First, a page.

29 Jul
Posted in: Books
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What, Perhaps, Joy Is

I was just getting ready to post this lovely little delight from Ross Gay’s Book of Delights (thank you again, Brian) when I got a text (thank you Carrie!) alerting me to the recent On Being podcast, in which this very same Ross Gay responds to the question: “How can we be joyful in a moment like this?” by saying “How can we not be joyful, especially in a moment like this?” and then goes on to say that joy has nothing to do with ease and “everything to do with the fact that we’re all going to die.”

Read the selection I had planned for today (below) and if you want more (which how could you not?!?), listen to the podcast, titled: Tending Joy and Practicing Delight.

“Joy Is Such a Human Madness”: The Duff Between Us
by Ross Gay

“In healthy forests, which we might imagine to exist mostly above ground, and be wrong in our imagining, given as the bulk of the tree, the roots, are reaching through the earth below, there exists a constant communication between those roots and mycelium, where often the ill or weak or stressed are supported by the strong and surplussed.

“By which I mean a tree over there needs nitrogen, and a nearby tree has extra, so the hyphae (so close to hyphen, the handshake of the punctuation world), the fungal ambulances, ferry it over. Constantly. This tree to that. That to this. And that in a tablespoon of rich fungal duff (a delight: the phrase fungal duff, meaning a healthy forest soil, swirling with the living the dead make) are miles and miles of hyphae, handshakes, who get a little sugar for their work. The pronoun who turned the mushrooms into people, yes it did. Evolved the people into mushrooms.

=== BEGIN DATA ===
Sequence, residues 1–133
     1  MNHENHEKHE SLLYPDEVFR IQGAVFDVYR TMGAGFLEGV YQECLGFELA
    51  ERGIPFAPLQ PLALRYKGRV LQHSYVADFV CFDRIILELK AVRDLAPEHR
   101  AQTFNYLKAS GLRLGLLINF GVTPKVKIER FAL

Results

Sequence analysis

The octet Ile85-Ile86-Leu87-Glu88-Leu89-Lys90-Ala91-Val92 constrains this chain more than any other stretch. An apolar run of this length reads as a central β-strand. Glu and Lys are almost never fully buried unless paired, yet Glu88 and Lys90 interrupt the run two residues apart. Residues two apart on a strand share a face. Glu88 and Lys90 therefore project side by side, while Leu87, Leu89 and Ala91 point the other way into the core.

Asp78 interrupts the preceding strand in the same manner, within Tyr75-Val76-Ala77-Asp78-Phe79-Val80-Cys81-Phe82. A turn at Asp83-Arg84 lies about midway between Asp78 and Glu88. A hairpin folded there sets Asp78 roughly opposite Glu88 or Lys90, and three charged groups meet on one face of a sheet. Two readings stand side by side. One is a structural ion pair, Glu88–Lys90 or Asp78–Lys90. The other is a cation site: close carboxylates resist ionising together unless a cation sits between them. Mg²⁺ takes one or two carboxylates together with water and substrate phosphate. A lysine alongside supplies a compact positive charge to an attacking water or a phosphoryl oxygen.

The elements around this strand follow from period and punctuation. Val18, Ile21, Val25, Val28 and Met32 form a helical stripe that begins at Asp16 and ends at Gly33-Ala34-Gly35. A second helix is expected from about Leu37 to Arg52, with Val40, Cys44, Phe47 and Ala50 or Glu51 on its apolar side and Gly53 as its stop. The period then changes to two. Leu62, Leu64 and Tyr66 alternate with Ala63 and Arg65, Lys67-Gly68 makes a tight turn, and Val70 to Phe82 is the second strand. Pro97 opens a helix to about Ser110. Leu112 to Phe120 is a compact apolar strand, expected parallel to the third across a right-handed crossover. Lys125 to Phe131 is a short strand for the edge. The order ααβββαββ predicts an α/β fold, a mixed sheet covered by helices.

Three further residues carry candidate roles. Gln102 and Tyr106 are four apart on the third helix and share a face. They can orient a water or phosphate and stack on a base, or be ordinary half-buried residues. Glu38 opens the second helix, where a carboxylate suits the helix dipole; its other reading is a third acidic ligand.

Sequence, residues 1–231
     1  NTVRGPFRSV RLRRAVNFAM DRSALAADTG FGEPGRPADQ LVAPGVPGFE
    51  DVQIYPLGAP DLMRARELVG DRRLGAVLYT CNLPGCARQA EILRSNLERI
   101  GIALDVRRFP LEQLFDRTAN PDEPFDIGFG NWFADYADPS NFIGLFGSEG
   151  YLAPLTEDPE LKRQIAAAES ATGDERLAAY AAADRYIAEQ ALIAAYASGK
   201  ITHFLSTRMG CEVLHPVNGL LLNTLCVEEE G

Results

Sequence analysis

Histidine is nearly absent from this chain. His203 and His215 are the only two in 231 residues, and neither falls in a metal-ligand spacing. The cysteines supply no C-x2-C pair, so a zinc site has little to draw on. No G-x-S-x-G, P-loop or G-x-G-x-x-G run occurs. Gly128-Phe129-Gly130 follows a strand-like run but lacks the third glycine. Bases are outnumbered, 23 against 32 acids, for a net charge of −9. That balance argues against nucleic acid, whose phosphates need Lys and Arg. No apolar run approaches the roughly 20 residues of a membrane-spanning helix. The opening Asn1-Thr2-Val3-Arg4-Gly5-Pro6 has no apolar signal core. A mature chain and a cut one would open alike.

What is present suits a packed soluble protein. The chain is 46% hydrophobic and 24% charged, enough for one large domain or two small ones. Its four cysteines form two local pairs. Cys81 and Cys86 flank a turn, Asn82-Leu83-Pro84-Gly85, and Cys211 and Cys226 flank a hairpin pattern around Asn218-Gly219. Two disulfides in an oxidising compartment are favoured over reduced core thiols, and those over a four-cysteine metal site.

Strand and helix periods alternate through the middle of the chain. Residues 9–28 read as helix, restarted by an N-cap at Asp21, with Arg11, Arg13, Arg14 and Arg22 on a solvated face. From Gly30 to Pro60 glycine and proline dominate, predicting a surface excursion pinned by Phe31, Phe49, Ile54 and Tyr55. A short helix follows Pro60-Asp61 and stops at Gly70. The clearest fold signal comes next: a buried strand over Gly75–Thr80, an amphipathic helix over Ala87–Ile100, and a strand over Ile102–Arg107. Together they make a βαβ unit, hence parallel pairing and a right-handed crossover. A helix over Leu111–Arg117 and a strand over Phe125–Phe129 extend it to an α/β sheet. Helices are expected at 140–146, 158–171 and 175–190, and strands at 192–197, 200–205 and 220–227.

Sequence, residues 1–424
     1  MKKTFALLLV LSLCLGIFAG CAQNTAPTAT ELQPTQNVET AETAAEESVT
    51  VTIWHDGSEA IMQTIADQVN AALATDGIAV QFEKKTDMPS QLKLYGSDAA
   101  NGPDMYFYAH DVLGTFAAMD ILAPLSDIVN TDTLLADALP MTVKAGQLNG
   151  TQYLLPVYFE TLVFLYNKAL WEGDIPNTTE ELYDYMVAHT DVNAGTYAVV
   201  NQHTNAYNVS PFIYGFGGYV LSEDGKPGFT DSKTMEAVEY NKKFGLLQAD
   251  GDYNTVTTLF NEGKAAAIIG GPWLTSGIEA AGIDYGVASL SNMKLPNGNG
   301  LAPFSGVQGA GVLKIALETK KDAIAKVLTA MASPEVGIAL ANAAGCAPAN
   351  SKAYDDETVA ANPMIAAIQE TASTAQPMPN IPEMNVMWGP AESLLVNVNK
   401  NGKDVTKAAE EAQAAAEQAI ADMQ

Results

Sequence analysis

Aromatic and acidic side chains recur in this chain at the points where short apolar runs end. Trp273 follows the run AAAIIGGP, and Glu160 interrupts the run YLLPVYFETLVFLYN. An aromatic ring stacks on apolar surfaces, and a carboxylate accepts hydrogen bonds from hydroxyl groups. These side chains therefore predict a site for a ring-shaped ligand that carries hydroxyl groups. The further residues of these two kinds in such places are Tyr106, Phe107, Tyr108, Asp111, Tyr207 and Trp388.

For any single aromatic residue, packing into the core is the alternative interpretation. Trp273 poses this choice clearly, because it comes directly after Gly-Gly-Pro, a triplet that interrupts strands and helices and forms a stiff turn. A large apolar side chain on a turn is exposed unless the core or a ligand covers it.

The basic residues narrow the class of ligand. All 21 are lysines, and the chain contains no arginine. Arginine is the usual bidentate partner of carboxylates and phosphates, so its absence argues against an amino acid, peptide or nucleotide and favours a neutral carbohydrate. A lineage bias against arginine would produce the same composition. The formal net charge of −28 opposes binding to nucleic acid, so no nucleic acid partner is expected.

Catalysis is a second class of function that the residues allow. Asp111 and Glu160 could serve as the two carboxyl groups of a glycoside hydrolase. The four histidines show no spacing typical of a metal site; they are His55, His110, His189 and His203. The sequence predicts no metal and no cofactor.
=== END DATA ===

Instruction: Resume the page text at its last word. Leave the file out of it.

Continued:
“Because in trying to articulate what, perhaps, joy is, it has occurred to me that among other things — the trees and the mushrooms have shown me this — joy is the mostly invisible, the underground union between us, you and me, which is, among other things, the great fact of our life and the lives of everyone and everything we love going away. If we sink a spoon into that fact, into the duff between us, we will find it teeming. It will look like all the books ever written. It will look like all the nerves in a body. We might call it sorrow, but we might call it a union, one that, once we notice it, once we bring it into the light, might become flower and food. Might be joy.”

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